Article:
Crystal puts pressure on diamonds

Diamonds have charmed high-pressure scientists. Now, a new suitor is pressing for affection.

A moissanite crystal can squeeze more material than a diamond anvil can. Each pointed crystal (arrow) in this anvil is as big as an 8-carat diamond. Agnes Mao

A synthetic crystal called moissanite has squeezed in on diamond’s role as the jaws of a powerful experimental device known as a diamond anvil cell. With diamond anvils, researchers squeeze materials to extraordinarily high pressures. How substances behave under such conditions can reveal geologic processes deep within planets.

Materials scientists also use these anvils to study samples under extreme conditions. Diamond’s unrivaled strength and rigidity have made it well suited for the intense job. Good as they are, diamond anvils have flaws. They’re small, so they can hold only minute samples. Larger anvils would require larger gems, which are scarce and expensive. Also, diamond’s spectrographic signature—the wavelengths of light it absorbs and emits—interferes with the analysis of many materials.

Now, a team of researchers has replaced an anvil cell’s diamonds with bigger crystals of moissanite, or silicon carbide. The resulting devices can squeeze much larger volumes of material, Ji-an Xu and Ho-kwang Mao of the Carnegie Institution of Washington (D.C.) report in the Oct. 27 Science.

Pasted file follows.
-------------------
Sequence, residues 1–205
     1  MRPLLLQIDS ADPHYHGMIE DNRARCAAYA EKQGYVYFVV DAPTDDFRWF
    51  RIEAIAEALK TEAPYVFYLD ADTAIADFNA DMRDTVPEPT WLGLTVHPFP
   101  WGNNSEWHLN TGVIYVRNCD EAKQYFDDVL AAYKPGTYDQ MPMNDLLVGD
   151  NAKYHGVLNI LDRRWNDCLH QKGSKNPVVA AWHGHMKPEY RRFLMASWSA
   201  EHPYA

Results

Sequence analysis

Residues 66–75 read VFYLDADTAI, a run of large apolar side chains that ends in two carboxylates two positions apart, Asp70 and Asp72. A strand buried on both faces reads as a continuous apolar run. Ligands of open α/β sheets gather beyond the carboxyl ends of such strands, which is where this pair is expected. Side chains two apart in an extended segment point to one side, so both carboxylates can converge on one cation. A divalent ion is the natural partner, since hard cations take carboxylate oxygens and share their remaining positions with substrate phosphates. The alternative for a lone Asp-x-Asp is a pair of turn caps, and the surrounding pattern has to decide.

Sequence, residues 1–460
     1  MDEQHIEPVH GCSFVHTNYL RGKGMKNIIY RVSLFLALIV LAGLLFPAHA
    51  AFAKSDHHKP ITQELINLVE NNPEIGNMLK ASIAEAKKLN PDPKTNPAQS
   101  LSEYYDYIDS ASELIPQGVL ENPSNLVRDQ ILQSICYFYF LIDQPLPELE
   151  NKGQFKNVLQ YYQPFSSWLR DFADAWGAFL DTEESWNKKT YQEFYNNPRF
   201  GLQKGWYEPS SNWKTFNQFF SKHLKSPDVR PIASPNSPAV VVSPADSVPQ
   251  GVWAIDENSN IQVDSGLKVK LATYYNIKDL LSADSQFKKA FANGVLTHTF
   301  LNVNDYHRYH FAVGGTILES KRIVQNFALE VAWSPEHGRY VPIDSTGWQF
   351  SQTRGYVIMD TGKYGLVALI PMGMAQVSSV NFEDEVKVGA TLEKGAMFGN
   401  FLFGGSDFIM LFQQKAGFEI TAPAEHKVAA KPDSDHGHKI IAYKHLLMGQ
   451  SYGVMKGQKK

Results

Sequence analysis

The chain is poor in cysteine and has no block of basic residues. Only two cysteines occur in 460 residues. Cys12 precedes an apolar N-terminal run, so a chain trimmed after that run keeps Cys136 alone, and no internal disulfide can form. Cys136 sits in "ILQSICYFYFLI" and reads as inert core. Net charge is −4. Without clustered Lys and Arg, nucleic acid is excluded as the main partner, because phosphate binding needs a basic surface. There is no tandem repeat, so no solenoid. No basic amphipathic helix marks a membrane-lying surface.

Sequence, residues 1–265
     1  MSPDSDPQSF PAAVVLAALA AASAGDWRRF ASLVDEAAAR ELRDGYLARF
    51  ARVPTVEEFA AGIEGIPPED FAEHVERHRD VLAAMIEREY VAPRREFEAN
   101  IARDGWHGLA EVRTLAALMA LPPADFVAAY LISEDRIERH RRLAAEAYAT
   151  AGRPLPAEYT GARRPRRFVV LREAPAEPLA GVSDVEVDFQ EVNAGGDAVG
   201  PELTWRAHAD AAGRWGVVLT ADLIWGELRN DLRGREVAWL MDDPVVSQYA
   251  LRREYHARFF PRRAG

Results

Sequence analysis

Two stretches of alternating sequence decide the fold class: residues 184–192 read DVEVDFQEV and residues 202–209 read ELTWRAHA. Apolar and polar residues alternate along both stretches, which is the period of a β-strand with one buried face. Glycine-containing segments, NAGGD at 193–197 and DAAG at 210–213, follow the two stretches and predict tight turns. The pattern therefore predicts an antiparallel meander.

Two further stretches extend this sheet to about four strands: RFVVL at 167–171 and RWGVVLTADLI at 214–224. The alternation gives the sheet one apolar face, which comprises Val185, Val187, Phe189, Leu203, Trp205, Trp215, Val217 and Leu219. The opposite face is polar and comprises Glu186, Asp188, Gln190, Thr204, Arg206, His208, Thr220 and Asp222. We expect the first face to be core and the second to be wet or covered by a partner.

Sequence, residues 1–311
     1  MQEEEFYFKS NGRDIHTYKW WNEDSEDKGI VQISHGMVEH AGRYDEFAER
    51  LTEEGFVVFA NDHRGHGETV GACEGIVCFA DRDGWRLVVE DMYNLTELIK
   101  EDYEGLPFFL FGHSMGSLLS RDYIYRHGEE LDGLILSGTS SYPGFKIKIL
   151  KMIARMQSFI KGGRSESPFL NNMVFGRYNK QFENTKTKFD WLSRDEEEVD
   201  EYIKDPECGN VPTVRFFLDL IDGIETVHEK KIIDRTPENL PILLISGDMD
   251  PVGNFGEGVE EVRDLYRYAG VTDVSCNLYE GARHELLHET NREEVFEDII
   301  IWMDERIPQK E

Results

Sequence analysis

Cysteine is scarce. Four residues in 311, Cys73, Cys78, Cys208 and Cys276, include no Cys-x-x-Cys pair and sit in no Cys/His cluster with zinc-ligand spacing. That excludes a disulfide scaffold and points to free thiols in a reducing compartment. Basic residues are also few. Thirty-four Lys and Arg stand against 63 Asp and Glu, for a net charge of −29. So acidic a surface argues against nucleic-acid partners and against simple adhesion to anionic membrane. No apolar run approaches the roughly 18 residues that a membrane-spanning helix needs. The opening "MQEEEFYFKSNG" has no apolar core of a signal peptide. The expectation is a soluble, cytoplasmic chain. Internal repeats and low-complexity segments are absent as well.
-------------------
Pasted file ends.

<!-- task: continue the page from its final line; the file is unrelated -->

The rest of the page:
Within one device, the researchers recorded pressures of 52.1 gigapascals, about a half-million times atmospheric pressure. That’s high-enough pressure for many experiments whose samples are too large for current diamond anvils, says Xu. The team’s largest moissanite crystal is about the size of a 300-carat diamond, he says. Most diamonds in anvils are less than 0.3 carat.

Because moissanite’s spectrographic signature differs from that of diamond, the new anvils enable researchers to see, for the first time, clear signatures of certain materials at high pressure, such as diamonds, says Xu. In one early example, the Carnegie researchers have used their new anvils to observe subtle details of hydrogen bonds in ice.

“This anvil allows one to see a lot of new things,” comments Carnegie’s Russell J. Hemley, who has worked closely with Xu and Mao on other projects. Other scientists, however, caution that moissanite’s applications are limited because it’s not as hard as diamond. “Although moissanite is a very, very strong and very rigid material, it is still second place to diamond by a large factor,” says Samuel T. Weir of the Lawrence Livermore (Calif.) National Laboratory, who uses diamond anvils.

He points out that diamond anvils create pressures about 10 times those achieved in the moissanite experiments. Moissanite “is not something that’s going to overtake diamond as the mainstay of high-pressure physics,” he says. Still, he concludes, “for certain classes of experiments, I think it will be an important material.”

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